“The Nine Lives of Travis Keating” – my first children’s book – is set in northern Newfoundland. My family lived there for three years. When I visited them, I went hiking and canoeing, traveled the bays and shoreline by boat, skidooed in winter, drove to hockey practices at the rink, and met their friends. So once I started thinking about the book, I knew right away I wanted Travis to live in that area – although none of the communities mentioned in the book actually exist, other than in my head.
Last month, I stayed for a few days in the community of Quirpon, and then in the lighthouse keeper’s house on Quirpon Island – the most northerly point in Newfoundland. It was a great trip. While I was there, I started making a few notes for my third children’s book – more about that later, as well as about the second book!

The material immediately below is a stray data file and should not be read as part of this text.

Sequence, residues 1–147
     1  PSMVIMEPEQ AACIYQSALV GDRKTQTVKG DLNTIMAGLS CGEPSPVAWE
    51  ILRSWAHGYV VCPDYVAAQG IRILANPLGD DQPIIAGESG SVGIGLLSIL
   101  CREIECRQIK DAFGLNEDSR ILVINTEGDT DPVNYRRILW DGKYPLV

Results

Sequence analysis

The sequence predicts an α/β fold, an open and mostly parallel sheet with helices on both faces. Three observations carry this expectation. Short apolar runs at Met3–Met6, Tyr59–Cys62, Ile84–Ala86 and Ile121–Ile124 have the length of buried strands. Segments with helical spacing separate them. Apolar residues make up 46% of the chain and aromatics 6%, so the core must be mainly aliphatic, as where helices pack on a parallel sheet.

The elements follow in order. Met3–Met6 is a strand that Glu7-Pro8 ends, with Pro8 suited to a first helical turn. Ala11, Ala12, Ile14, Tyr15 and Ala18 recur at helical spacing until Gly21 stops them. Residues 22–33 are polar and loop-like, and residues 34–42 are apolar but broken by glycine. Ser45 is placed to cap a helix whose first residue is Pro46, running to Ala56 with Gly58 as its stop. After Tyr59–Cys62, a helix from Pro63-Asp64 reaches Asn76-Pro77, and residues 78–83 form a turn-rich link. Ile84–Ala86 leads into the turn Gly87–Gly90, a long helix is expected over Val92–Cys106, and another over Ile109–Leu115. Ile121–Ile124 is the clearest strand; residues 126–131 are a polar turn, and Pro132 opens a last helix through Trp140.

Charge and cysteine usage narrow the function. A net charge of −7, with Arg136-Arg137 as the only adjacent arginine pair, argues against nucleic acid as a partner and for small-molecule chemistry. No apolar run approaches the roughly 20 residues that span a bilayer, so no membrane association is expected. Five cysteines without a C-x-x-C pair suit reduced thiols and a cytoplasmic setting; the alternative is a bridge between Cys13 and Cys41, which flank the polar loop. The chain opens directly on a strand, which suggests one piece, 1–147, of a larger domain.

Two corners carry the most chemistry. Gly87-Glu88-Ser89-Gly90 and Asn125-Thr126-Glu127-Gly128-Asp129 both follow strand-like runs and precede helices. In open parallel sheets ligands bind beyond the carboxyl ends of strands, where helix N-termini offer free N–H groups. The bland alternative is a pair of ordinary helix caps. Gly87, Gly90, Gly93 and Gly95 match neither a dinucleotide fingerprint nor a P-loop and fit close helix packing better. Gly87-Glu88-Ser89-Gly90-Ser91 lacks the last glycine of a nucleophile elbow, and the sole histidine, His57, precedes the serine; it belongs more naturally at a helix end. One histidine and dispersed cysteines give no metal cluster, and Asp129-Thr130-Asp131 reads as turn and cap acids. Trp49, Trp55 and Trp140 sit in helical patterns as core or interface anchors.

I took a lot of photos on this trip with my brand-new digital camera. I’m posting a few that relate to Travis’s adventures: pictures of old fish shacks like the ones in Gulley Cove, and of cliffs similar to those on the way to the cove. There’s one shot of the barrens, the kind of landscape around the community of Ratchet where Travis lives. The oddly shaped trees on the hillside, shaped by the sea winds, are called tuckamore. A dead tree, white like a skeleton, points the way to Gulley Cove; I’ve even included a photo of a knot because Abe, a character in the book, teaches Travis how to tie knots.
My imagination has always been fed by Newfoundland’s rugged, often dangerous, coastline and by the barrens, where you can see so much of the sky. I hope you get a sense of this landscape when you read “The Nine Lives of Travis Keating.”